John Tsang: mouse that failed to roar
Graeme Maxton says John Tsang failed to show any mettle in his budget, preferring to tinker at the edges and pander to tourists and the wealthy rather than help the majority of Hongkongers
In the brief moments I spent chatting to him last year before we both spoke at a conference, I think I can say that I liked John Tsang Chun-wah. He seemed a decent sort and well-meaning.
Though he spoke in that horribly confusing style that finance ministers around the world seem to prefer, he came across as someone who was trying very hard. He was doing a difficult job, too often constrained by the political tides that dragged him to and fro like driftwood.
The trouble, for me, was that Tsang was just a little bit too nice and his budget yesterday has done nothing to change this view. He needs to become much bolder if he is to have the impact he and Chief Executive Leung Chun-ying really want.
Let's start where they should, and look at the big picture. Here, I think we can agree with Tsang that things are getting better, at least a little bit. The economy is growing healthily and the outlook is generally good. So, spending on public housing should go up and there are plans to make a little more land available.
The government will also undertake further efforts to tackle the appalling air pollution problems.
This is an opportune time, it seems, to promote cloud computing and to develop an "interactive portal to bring together the start-up community", whatever that means.
But let's get real. We live in one of the richest places in the world, in terms of gross domestic product per head, and 40 per cent of the population still lives in subsidised housing. The minimum wage is too low to live off. A third of Hong Kong's elderly struggle to meet their basic nutritional needs while a quarter of our children do not get three meals a day.
We have the eighth worst air pollution in the world in terms of mortality rate, according to the World Health Organisation - a higher rate than even mainland China, India and Bangladesh. We also have the highest rate of inequality of any developed economy and some of the longest working hours. In public housing, living space averages just 121 square feet per person, one of the smallest levels in the world.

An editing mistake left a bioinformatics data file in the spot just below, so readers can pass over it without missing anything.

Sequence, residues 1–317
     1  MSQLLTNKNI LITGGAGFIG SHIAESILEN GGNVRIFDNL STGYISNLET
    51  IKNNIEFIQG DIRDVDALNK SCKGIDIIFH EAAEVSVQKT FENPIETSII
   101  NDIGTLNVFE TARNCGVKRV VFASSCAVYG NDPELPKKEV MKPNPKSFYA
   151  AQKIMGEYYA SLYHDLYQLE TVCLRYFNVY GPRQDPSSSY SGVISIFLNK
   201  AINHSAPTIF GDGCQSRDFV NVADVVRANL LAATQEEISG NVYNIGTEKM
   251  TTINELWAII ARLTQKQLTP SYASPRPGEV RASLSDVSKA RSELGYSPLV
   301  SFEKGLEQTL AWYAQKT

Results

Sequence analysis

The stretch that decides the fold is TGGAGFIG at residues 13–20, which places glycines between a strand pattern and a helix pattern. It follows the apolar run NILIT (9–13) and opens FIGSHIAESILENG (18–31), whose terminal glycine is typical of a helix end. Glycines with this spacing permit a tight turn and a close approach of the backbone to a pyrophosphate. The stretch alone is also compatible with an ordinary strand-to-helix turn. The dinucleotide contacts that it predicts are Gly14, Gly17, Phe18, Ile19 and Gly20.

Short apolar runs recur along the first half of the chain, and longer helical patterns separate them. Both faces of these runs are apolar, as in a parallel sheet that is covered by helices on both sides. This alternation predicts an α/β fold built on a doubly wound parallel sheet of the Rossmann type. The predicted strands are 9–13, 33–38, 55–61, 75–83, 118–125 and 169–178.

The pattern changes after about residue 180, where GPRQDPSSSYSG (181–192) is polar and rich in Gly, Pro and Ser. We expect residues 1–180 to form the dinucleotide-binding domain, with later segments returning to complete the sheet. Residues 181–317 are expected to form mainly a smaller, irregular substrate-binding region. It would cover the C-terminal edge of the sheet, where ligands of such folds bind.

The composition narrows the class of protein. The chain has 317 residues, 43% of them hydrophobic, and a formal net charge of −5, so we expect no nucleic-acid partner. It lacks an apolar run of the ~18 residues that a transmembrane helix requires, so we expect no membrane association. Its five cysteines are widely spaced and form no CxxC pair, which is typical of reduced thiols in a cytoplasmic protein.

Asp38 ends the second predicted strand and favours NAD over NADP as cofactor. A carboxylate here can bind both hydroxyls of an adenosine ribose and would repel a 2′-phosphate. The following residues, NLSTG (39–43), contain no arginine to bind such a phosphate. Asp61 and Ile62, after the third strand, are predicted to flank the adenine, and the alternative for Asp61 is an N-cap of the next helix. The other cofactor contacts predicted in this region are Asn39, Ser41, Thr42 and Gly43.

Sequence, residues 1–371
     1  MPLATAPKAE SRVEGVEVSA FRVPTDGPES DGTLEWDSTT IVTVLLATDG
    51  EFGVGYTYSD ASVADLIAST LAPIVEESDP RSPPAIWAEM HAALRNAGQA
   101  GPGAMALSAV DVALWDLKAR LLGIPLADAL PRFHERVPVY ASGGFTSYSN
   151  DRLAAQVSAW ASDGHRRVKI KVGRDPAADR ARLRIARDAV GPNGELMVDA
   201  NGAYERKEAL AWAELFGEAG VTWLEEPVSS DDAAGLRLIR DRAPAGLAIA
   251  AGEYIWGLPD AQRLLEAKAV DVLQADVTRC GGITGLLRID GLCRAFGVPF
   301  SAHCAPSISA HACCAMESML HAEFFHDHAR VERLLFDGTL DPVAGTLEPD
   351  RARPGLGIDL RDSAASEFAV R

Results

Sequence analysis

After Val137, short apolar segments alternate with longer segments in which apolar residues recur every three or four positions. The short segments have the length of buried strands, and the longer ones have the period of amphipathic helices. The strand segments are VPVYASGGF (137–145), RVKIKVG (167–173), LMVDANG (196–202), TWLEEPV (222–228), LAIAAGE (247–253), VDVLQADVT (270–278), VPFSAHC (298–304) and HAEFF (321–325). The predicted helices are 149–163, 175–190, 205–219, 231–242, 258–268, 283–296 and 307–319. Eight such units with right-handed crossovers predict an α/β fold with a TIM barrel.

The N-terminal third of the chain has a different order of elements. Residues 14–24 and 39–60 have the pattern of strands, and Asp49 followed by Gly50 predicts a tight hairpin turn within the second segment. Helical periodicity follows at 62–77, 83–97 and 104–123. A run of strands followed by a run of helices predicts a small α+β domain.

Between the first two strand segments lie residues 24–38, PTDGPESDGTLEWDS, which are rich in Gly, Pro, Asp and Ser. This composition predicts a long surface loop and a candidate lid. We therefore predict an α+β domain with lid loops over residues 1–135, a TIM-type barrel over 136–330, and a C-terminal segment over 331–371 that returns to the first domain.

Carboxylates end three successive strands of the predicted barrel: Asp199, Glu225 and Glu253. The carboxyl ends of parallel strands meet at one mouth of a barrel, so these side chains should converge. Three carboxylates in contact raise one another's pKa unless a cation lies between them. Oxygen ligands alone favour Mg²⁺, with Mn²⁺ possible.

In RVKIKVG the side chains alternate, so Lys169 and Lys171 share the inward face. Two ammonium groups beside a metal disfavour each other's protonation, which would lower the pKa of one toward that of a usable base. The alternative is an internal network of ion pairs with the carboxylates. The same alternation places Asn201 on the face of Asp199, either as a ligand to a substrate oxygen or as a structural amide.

There is also almost no upward social mobility any longer. There is no "dream" for those without property, which is why we only rank the 73rd happiest place in the world, far below the rest of China.
Moreover, as Tsang pointed out, Hong Kong's population is growing and ageing, with more than two million of us expected to be over the age of 65 just 17 years from now.
In other words, we have some very big challenges and so we need to make some very big changes. All that is needed is some courage, which is what Tsang still needs to develop, it seems.
As we now know, the budget surplus is huge. So this is not the time for him to cut expenditure, lower stamp duty on financial transactions or cut profits tax and income tax rates. He needs to boost spending and tell us it will rise even further.
All this nonsense about the money running out in 15 years - or even seven years - is just silly scaremongering. Hong Kong has the capacity to raise billions if it chooses to do so. It could easily raise much more money on the bond markets. It could tax people crossing the land border into the mainland (to balance out the airport departure tax) and - shock horror - it could increase the rate of tax it applies to the property sector and the super-rich without anyone really noticing. It could also tax its finance sector properly.
For decades, we have been pretending that we are still an economic firework, a fast and free-wheeling economy where the touch of regulation is super-light. We have been the economic teenager of the world, running free of any responsibility, thinking we never need to grow up.
Those times are over. Instead of being the increasingly poor cousin to mainland China - where people are actually happier, on average, than here - we need to set an example. The average Hong Kong citizen has four major concerns, none of which Tsang really got to grips with in his budget. People are worried about poverty, about the cost of housing, about air pollution and about too many mainland tourists.
Instead of addressing these concerns properly, Tsang chose to tinker at the margins, to encourage even more tourism and to support the tiny percentage of very rich people who can only think about how to make even more money and then keep it.
I still like Tsang, I think, but I also want to shake him. Stop being so nice, I want to shout. Find the courage to be bold. Buck up and find a spine next time - please - and then you and Leung could actually help the majority of people in Hong Kong improve their lives.
Graeme Maxton is a member of the Club of Rome